Make sure you're on top of your finances, particularly in your middle aged years. That's the advice from experts at least (and it's pretty sound advice regardless).
Losing a significant chunk of your savings has been found to be directly linked to premature death, according to a new study. The 20 year study has uncovered the worrying findings, showing that a significant financial loss has the equivalent effect on the body as living a full life of financial struggle.
In the first study of its kind, researchers from Northwestern Medicine and the University of Michigan have found that significant financial loss during mid-late life can double your chances of an early death thanks to the associated physiological responses.
In fact, individuals who lost 75 per cent or more of their total wealth within 2 years were 50 per cent more likely to suffer a premature death.
"We found losing your life-savings has a profound effect on person's long-term health," said lead author Lindsay Pool of the Northwestern University Feinberg School of Medicine. "It's a very pervasive issue. It wasn't just a few individuals but more than 25 percent of Americans had a wealth shock over the 20 years of the study."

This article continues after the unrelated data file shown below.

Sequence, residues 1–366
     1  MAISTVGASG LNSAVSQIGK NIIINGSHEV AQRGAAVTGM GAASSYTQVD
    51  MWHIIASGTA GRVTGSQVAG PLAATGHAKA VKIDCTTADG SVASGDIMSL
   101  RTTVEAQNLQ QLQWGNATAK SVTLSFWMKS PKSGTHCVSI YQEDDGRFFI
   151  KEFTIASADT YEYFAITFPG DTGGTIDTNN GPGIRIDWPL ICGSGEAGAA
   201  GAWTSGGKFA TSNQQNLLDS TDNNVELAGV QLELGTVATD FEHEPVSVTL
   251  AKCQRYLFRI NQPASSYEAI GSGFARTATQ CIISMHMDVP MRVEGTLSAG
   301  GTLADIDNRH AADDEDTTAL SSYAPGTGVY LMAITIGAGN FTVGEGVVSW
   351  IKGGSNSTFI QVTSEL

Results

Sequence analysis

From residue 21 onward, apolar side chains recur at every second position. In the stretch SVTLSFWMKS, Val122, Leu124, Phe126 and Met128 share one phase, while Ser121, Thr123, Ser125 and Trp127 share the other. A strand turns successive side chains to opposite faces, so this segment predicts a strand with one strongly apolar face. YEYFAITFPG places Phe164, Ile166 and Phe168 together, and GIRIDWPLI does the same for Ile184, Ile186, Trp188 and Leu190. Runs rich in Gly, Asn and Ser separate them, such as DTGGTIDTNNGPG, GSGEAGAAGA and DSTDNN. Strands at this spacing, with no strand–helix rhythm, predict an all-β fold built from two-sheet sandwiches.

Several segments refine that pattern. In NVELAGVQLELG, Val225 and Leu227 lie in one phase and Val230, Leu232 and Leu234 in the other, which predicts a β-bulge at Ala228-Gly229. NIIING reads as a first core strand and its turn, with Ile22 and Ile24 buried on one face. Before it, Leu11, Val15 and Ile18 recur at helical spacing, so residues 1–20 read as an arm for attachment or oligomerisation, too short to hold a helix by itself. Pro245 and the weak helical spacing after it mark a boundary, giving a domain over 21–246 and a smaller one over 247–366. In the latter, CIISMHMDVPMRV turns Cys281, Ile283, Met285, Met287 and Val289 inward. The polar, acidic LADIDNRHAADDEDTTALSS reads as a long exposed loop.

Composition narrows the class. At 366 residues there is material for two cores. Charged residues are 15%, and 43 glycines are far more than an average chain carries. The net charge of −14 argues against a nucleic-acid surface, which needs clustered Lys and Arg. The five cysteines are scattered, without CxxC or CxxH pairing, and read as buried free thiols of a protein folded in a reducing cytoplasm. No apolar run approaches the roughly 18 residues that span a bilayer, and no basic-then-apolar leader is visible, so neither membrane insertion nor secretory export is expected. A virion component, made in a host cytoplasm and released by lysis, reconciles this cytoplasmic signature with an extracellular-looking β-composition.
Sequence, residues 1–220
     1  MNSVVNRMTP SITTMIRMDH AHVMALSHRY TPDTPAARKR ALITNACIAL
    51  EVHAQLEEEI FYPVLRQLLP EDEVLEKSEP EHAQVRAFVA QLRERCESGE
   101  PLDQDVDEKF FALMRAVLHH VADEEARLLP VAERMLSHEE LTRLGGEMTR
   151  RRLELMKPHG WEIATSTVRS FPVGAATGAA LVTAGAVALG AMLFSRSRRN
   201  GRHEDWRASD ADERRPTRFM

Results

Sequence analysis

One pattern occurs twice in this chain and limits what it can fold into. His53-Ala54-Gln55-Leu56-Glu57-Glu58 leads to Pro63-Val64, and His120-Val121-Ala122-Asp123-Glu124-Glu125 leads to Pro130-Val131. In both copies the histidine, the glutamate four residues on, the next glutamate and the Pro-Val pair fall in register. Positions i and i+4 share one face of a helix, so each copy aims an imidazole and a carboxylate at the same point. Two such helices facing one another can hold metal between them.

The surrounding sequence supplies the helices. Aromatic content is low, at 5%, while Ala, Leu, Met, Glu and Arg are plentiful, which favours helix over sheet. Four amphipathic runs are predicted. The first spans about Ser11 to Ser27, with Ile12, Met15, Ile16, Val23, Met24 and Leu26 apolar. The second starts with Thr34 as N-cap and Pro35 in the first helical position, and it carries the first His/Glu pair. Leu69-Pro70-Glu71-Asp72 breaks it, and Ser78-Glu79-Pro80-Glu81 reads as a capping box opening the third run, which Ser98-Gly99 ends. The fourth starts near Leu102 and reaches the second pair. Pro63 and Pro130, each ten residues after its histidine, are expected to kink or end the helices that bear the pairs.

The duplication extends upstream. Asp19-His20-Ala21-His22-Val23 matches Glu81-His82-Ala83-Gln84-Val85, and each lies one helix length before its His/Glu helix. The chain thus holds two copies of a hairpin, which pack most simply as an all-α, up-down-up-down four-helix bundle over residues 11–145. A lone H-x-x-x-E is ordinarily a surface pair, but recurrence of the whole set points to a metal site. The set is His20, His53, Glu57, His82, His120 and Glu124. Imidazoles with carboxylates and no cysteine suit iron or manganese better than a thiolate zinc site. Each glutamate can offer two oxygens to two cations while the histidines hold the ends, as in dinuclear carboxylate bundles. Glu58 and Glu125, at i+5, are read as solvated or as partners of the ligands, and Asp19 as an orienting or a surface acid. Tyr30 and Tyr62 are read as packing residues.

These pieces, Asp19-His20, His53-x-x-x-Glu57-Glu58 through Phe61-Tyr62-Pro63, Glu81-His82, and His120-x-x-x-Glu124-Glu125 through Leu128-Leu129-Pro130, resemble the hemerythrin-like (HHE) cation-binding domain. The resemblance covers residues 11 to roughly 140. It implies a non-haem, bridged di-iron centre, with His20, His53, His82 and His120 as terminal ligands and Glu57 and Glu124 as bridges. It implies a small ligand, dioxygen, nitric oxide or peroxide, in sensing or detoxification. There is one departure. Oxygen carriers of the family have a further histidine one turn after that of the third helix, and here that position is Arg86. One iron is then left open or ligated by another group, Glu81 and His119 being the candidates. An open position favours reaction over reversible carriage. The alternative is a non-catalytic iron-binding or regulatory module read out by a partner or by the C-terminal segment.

The study suggests that the likely reason for the higher risk of mortality comes down to two main factors. "These people suffer a mental health toll because of the financial loss as well as pulling back from medical care because they can't afford it," Pool said.
After studying over 8000 participants, the researchers are hoping to use the conclusive results to persuade health practitioners to account for their patients financial situation when assessing their holistic health, and prescribing treatment. Having this knowledge will even allow medical professionals to offer preventative treatments that have been effective in similar conditions such as depression and high blood pressure.
"This shows clinicians need to have an awareness of their patients' financial circumstances," Pool said. "It's something they need to ask about to understand if their patients may be at an increased health risk."